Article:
When referring to a restaurant specializing in fish and chips would you call it a fish and chip shop or a fish and chips shop?
"Attributive nouns" or the first elements of compound nouns tend to be singular in form
There is no absolute rule forbidding the use of a plural noun in the first part of a compound, but it is more usual in general to use the singular form.* "Fish and chip(s) shop" doesn't seem to be an exception to this tendency. The Google Ngram Viewer suggests that both forms exist, but that "fish and chip shop" is more common than "fish and chips shop":
I don't think phonetics is an important factor
Some comments have brought up the supposed phonetic indistiguishability of "fish and chip shop" and "fish and chips shop", but I can't see how that could determine the spelling one way or another: even if it is true that nobody ever pronounces these any differently in practice (which I rather doubt), that wouldn't prevent people from using the spelling "fish and chips shop" for the pronunciation [fɪʃn̩t͡ʃɪpʃɒp]. I think the use of the spelling "fish and chip shop" is based mainly on grammar, not on phonetics.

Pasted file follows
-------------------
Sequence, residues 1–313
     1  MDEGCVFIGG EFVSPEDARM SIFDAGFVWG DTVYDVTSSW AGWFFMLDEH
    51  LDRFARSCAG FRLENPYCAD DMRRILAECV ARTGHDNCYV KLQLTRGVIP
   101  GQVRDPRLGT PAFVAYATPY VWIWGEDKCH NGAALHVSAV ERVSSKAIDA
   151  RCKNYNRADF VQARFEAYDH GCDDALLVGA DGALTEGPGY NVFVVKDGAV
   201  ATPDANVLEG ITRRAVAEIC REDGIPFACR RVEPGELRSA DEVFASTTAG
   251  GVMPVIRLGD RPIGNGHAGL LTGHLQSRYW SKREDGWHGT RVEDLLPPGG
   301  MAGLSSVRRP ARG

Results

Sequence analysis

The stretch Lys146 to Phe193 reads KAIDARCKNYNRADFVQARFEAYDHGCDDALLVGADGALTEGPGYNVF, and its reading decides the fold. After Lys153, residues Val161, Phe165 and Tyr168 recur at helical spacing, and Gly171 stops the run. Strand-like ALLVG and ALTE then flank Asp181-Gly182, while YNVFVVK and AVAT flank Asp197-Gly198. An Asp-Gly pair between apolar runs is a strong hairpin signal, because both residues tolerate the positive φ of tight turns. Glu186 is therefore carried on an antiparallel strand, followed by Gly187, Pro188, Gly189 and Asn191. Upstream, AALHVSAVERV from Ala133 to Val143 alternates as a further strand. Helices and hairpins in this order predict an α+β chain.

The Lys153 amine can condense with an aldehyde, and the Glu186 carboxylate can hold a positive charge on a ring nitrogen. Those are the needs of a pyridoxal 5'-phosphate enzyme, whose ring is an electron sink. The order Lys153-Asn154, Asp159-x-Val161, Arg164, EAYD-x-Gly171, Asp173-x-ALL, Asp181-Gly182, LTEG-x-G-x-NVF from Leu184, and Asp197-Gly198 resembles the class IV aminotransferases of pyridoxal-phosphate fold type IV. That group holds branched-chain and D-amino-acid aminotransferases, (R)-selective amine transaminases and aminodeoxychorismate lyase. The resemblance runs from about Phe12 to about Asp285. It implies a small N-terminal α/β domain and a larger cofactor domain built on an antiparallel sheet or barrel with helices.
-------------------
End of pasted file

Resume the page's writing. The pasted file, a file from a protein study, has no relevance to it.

*Some exceptions to this tendency are mentioned in the answer here: Singular/plural Nouns as Adjectives
It is a "fish and chip" shop, but you order "fish and chips".
Or just a chip shop since they always sell fish too.
In general, a shop selling a product refers to its product as a collective noun in the singular.
Chip shop — sells chips.
Cake shop — sells cakes.
Curtain shop — sells curtains.
When a noun is used as an adjective, it is almost always the singular form, even when the noun is not normally used as a singular. E.g:
- car - car alarm
- house - house key
- trousers - trouser press
- spectacles - spectacle maker
- clothes - clothes line
So, "fish and chips" is the noun phrase, and becomes singular:
- fish and chips - fish and chip shop